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Kimball's failed replication of Reinhart-Rogoff finding cited in argument for tempered public response to social science research results

Edin and Shaefer's book on destitute families in America reviewed in NYT

Johnston says rate of daily marijuana use among college students now greater than rate of daily cigarette smoking

Highlights

Deirdre Bloome wins ASA award for work on racial inequality and intergenerational transmission

Bob Willis awarded 2015 Jacob Mincer Award for Lifetime Contributions to the Field of Labor Economics

David Lam is new director of Institute for Social Research

Elizabeth Bruch wins Robert Merton Prize for paper in analytic sociology

Next Brown Bag

Monday, Oct 12
Joe Grengs, Policy & Planning for Social Equity in Transportation

psc brown bag iconCircumcision, Information, and HIV Prevention

Rebecca Thornton (PSC), Susan Godlonton (PSC, U of M), Alister Munthali

11/01/2010, at noon in room 6050 ISR-Thompson.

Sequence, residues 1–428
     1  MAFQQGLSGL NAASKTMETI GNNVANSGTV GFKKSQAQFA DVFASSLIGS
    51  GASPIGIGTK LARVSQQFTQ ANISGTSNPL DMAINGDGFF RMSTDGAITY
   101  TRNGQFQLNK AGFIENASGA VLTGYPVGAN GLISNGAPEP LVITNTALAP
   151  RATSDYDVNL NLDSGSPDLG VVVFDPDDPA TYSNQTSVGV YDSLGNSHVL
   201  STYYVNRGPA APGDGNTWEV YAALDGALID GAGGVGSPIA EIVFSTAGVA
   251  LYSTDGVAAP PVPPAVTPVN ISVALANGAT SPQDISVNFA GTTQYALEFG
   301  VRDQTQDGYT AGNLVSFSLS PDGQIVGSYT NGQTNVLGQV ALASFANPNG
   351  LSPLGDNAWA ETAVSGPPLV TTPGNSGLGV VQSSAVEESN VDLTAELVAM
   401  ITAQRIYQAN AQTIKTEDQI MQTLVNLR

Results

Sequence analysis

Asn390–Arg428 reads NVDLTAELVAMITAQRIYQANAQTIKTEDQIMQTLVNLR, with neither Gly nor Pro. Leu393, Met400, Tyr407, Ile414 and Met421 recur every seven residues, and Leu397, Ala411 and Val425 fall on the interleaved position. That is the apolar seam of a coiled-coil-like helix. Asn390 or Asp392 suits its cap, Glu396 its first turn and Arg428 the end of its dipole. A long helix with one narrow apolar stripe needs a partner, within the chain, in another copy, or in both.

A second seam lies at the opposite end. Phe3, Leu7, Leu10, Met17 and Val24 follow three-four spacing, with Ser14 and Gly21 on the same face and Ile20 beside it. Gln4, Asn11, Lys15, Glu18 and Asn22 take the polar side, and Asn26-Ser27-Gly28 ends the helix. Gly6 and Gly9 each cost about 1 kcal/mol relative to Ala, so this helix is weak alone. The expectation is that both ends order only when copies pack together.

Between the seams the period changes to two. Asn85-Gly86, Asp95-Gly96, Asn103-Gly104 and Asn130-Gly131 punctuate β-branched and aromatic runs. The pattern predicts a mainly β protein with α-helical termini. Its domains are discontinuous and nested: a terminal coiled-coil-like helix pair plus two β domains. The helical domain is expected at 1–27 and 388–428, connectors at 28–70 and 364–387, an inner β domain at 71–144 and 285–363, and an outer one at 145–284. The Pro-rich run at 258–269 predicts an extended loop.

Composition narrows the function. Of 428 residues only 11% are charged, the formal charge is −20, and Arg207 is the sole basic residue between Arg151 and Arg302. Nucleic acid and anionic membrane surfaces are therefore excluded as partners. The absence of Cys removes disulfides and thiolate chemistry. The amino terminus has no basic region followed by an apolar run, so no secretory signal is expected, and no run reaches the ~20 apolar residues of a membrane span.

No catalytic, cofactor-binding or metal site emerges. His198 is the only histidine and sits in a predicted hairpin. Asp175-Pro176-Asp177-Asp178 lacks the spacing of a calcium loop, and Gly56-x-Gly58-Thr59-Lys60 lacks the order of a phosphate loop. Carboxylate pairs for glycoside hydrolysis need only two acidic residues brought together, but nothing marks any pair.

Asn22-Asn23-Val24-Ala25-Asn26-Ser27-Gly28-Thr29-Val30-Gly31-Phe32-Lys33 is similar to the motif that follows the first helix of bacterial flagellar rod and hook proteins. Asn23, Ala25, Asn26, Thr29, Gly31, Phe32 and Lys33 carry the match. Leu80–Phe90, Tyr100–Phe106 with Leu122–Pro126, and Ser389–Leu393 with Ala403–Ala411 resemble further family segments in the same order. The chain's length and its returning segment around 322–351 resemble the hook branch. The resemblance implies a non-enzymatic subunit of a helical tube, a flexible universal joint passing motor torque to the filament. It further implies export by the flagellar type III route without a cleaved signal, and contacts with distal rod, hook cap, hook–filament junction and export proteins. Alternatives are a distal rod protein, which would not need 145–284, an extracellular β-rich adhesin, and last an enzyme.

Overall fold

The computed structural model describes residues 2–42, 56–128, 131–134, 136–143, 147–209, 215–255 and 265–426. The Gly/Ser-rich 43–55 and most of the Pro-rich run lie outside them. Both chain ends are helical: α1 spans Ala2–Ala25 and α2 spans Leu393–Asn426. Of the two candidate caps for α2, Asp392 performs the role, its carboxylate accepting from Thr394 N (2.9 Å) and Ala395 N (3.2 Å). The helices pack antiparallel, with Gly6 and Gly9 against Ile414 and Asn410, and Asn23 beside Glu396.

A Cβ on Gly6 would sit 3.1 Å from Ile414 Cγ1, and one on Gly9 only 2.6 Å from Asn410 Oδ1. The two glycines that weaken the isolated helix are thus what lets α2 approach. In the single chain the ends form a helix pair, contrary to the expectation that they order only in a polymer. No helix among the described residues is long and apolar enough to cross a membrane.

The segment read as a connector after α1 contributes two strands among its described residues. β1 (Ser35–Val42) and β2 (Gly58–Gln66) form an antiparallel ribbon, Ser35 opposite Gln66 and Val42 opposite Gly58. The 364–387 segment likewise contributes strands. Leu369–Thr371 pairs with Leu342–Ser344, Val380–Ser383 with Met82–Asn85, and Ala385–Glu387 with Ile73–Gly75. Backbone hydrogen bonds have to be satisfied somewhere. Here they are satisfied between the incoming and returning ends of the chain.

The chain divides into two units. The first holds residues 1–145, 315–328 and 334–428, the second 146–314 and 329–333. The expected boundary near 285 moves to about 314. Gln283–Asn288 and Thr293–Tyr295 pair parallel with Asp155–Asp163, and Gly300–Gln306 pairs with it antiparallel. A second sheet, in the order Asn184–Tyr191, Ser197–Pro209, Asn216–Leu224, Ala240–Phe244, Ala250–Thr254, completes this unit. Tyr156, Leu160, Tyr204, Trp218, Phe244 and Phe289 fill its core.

Despite the fact that male circumcision has been shown to significantly lower the transmission rate of HIV, many countries have been slow at adopting male circumcision as a core HIV prevention strategy. One concern about disseminating the information about male circumcision and HIV is that circumcised men may engage in riskier sex after learning that they are less at risk. Among a sample of approximately 900 circumcised and 300 un-circumcised men living in rural Malawi, we randomly disseminated the information about HIV transmission risk and male circumcision by village. We measure the behavioral response to learning this information among circumcised and uncircumcised men. We find no evidence of dis-inhibition among circumcised men in the treatment group immediately after the information campaign or one year later as measured by condom purchases and self-reported sexual behavior. Uncircumcised men in the treatment group significantly increase the likelihood of purchasing condoms immediately after the information intervention by approximately 10 percentage points and this is weakly persistent after one year. Consistent with this, we present evidence that uncircumcised men who learn about HIV and circumcision decreased risky sexual behavior.


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